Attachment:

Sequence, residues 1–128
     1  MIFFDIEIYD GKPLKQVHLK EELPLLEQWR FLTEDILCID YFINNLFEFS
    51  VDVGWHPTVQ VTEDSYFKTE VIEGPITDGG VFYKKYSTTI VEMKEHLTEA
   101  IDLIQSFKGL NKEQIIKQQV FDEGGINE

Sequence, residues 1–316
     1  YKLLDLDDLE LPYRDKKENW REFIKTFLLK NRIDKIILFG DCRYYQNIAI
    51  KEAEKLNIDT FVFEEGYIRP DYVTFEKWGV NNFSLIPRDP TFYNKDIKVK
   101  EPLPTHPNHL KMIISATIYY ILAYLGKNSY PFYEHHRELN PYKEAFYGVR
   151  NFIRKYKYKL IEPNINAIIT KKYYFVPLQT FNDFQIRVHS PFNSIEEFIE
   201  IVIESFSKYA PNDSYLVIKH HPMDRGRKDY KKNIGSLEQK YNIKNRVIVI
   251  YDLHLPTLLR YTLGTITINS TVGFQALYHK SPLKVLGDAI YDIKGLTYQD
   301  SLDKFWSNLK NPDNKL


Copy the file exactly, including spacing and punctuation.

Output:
Sequence, residues 1–128
     1  MIFFDIEIYD GKPLKQVHLK EELPLLEQWR FLTEDILCID YFINNLFEFS
    51  VDVGWHPTVQ VTEDSYFKTE VIEGPITDGG VFYKKYSTTI VEMKEHLTEA
   101  IDLIQSFKGL NKEQIIKQQV FDEGGINE

Sequence, residues 1–316
     1  YKLLDLDDLE LPYRDKKENW REFIKTFLLK NRIDKIILFG DCRYYQNIAI
    51  KEAEKLNIDT FVFEEGYIRP DYVTFEKWGV NNFSLIPRDP TFYNKDIKVK
   101  EPLPTHPNHL KMIISATIYY ILAYLGKNSY PFYEHHRELN PYKEAFYGVR
   151  NFIRKYKYKL IEPNINAIIT KKYYFVPLQT FNDFQIRVHS PFNSIEEFIE
   201  IVIESFSKYA PNDSYLVIKH HPMDRGRKDY KKNIGSLEQK YNIKNRVIVI
   251  YDLHLPTLLR YTLGTITINS TVGFQALYHK SPLKVLGDAI YDIKGLTYQD
   301  SLDKFWSNLK NPDNKL